Irodori Comics has launched a Kickstarter campaign for the Isaki Uta: The Lost & Found Collection box set, featuring four seminal stories by Isaki Uta, the mangaka and creator of the acclaimed manga Is Love The Answer?, published in the United States by Kodansha. Uta-sensei is best known for comics centered on characters navigating their gender and sexual identities, such as Mine-kun is Asexual, Silkscreen, and other stories appearing in Éclair: A Girls’ Love Anthology That Resonates in Your Heart and Éclair Blanche, with their first solo work to appear in print in English being Is Love The Answer?.

“Isaki Uta’s works are gems in the world of Japanese LGBTQ+ comics. The relationships between characters aren’t cookie cutter and show the rawness and intensity of discovering one’s sexuality and gender identity. It makes queer individuals like myself feel seen and that these kinds of stories are worth telling,” Irodori Comics’ translator ITSUKI is quoted as saying in the press release.

Mine-kun is Asexual

The Irodori Comics Kickstarter crowdfunding campaign is now live for the Isaki Uta: The Lost & Found Collection box set, featuring four of the mangaka’s classic doujinshi, or self-published manga: Mine-kun is Asexual, LeaperMermaid in the Bottle, and Silkscreen, available in print for the first time and digitally.

In commemoration of the campaign, Uta graciously agreed to an interview with Beat writer Marion Pena, who read and reviewed three of the stories in the collection.

MARION PENA: In “Mine-kun is Asexual,” the bittersweetness that comes from the eventual failure of the relationship feels very realistic and tangible. What would you say is the most important part of communicating in a relationship with an asexual partner?

ISAKI UTA: I think it’s important that non-asexual people properly learn and understand what asexuality is. Even if people come to understand what asexuality is, as time passes by, a relationship may not work out. I think it’s crucial we accept that as a thing that does happen, and we don’t have control over it.

PENA: “Mermaid in the Bottle” enthralled me when I first read it. The emotional states of the characters were incredibly easy to parse and understand due to the art, which, at the same time, also felt very abstract and experimental with the use of screen tones and visual metaphors. When you storyboard these types of scenes, how do you develop these images? Does the body language naturally come to you, or do you experiment with sketching or posing yourself to test how they look?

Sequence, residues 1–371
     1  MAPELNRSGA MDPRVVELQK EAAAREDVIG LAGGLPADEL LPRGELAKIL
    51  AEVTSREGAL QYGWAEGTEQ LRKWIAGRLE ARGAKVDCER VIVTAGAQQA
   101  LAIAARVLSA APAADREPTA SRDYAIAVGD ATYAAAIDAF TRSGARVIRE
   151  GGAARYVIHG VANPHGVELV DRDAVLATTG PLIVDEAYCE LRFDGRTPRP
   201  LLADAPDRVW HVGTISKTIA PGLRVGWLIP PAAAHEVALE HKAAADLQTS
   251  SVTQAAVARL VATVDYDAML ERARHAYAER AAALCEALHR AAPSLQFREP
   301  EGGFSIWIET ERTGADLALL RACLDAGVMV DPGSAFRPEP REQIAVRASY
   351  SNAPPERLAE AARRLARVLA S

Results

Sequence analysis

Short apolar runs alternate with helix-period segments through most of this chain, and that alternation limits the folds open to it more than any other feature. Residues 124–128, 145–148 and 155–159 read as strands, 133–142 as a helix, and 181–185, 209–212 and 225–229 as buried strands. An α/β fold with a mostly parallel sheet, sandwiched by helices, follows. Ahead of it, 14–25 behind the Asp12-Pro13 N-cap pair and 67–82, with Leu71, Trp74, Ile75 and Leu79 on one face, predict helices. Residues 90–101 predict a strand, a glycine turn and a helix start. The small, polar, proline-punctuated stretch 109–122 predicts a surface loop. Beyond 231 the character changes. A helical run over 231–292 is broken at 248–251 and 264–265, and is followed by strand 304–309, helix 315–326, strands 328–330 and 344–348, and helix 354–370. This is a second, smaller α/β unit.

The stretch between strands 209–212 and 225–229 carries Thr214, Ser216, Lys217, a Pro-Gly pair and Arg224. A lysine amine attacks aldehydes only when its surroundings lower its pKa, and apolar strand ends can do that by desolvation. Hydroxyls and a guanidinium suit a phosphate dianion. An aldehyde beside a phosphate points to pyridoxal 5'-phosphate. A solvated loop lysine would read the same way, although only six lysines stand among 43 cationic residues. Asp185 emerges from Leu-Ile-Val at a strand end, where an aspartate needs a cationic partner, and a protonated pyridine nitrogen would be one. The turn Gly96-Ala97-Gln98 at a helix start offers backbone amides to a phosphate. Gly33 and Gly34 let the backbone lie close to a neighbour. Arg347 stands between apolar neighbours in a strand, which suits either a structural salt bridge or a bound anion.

UTA: I didn’t have difficulty coming up with the storyboard because it more or less popped into my head. I’m the kind of person who experiments before the storyboard even happens, at the stage of brainstorming the story itself. I feel like the story ideas occur to me while I move from place to place.

PENA: “Leaper” is brilliant, I like that you tackled the idea of aging differently without using a fantasy race like elves or dwarves. It takes a while for Mio to age emotionally due to her condition, but her moment of self-actualization was very moving. Was there a moment in your life where you felt your personal level of emotional maturity was that of an adult?

UTA: When I was somehow able to softly land the last episode of my manga serialization, I felt a sense of accomplishment and a mysterious satisfaction.

PENA: Your stories pack a lot of emotional resonance and deeply layered characters in such a short page count. Do you feel that working independently to publish doujinshi has affected the stories you tell? Are there any independently published artists or manga that have inspired or influenced your approach to manga as either an artist or reader?

UTA: I’m not sure if I can say I was influenced per se. I honestly don’t feel that publishing independently had a tangible effect on my storytelling.

However, I have liked how Narushima Yuri-sensei depicted her characters since her self-publishing days, and she has incredibly influenced me.

If you haven’t yet dove into the world of independently published manga, this is a perfect start. As with American comics, independently published works allow authors to freely explore ideas that might not be guaranteed bestsellers for bigger comic publishers. Uta’s works have been lovingly accepted and shared among LGBTQ+ fans of the manga community, making this Kickstarter an important tracker to keep note of for demographic research. It will be a huge win for LGBTQ+ comics and fans if the success of this project means more anthologies and stories get published.

The Kickstarter page is now live for the box set Isaki Uta: The Lost & Found Collection, featuring four of their most acclaimed stories! For updates, you can follow Irodori Comics on InstagramTwitter, and Facebook.